This question has been asked over 5000 times, and I've prepared a simple answer, without too much science:
The correct answer is that the blue light is scattered by the air molecules in the atmosphere (referred to as Rayleigh scattering). The blue wavelength is scattered more, because the scatteing effect increases with the inverse of the fourth power of the incident wavelength.
OK, but I've known science graduates who don't understand what this means.
Here's my attempt at an answer without too much physics:
I think most people know that sunlight is made up of light of several different wavelengths, and can be split up into the colours of the rainbow. Blue light has the shorter wavelength, and red the longest wavelength.
When sunlight hits the molecules in the atmosphere, the light strikes the molecules and is absorbed, causing the molecules to vibrate and give off, or 're-emit' the light. It's not the same as reflection, but the effect is similar. The molecules in the air are much smaller than the wavelength of visible light, but because the blue wavelength is shorter and more energetic, it reacts much more with the air molecules than the red and yellow wavelengths; which tend to pass straight through.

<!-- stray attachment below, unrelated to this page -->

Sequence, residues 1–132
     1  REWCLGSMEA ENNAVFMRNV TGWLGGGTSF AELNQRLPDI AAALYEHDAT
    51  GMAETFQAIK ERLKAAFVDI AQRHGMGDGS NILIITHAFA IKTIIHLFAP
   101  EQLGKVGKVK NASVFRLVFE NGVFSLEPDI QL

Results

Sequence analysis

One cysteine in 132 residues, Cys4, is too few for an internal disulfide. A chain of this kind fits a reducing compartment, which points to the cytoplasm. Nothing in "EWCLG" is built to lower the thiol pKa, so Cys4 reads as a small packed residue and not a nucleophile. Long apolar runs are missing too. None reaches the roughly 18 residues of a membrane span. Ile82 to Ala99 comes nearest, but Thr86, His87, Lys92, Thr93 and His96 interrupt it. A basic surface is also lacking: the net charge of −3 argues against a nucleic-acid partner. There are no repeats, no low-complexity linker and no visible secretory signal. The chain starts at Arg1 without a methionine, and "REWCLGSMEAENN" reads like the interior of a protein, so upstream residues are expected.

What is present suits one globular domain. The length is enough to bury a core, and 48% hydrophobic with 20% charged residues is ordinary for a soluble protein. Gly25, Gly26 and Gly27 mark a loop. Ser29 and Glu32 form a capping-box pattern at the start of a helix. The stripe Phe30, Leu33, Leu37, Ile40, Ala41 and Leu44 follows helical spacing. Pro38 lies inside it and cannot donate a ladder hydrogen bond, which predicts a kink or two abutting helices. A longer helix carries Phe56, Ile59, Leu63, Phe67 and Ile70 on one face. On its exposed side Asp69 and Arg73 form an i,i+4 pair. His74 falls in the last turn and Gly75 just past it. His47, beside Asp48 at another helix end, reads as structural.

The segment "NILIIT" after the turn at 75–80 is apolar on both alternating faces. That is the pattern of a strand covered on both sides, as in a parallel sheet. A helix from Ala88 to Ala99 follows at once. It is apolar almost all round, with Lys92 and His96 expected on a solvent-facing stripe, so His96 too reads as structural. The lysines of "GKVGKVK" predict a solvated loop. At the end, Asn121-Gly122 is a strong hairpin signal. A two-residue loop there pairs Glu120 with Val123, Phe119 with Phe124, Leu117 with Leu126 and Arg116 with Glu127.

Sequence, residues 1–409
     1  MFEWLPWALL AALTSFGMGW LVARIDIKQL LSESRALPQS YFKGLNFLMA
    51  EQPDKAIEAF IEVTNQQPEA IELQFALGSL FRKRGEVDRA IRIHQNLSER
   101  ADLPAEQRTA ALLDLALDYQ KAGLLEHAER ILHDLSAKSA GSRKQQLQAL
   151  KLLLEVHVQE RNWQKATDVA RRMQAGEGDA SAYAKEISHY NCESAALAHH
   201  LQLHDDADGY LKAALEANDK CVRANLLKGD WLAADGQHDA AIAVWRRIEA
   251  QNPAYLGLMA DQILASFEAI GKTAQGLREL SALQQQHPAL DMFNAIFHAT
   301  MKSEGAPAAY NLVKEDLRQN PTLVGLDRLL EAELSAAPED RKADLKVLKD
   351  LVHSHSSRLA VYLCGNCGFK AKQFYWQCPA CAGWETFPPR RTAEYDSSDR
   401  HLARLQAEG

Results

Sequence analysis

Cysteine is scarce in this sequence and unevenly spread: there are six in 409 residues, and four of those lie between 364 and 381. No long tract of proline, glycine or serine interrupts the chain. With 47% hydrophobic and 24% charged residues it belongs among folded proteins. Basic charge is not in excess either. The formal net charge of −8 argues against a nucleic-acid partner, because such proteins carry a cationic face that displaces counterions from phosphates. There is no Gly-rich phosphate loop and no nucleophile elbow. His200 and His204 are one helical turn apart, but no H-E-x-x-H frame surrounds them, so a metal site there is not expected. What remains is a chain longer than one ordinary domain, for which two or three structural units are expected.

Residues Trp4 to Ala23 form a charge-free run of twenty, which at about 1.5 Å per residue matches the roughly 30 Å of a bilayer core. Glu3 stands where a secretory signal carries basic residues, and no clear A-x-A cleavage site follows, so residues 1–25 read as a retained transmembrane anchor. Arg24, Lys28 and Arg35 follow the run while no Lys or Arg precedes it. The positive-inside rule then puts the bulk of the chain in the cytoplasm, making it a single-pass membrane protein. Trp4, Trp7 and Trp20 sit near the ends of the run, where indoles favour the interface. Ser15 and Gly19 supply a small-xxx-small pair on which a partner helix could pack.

Because the blue radiation is re-emitted from the air molecules in all directions ('scattered'), it seems to us looking from the ground that the blue light is coming from everywhere; hence the sky seems blue.
Near sunset, because of the low angle of the sunlight, we see more of the red and yellow wavelendth passing straight through, hence the colours of the setting sun.
BTW: The sky isn't blue because of a reflection of the sea; its the other way round, although the blue colour of the sea is mostly caused by the water molecules scattering the blue light, in a similar way. This effect is even stronger with ice; which results in the intense blue colour we see if we look down a crevasse in a glacier, or down a hole in the snow made by a ski stock..
For a complete, scientific explqanation, look up 'blue sky' in Wikipedia.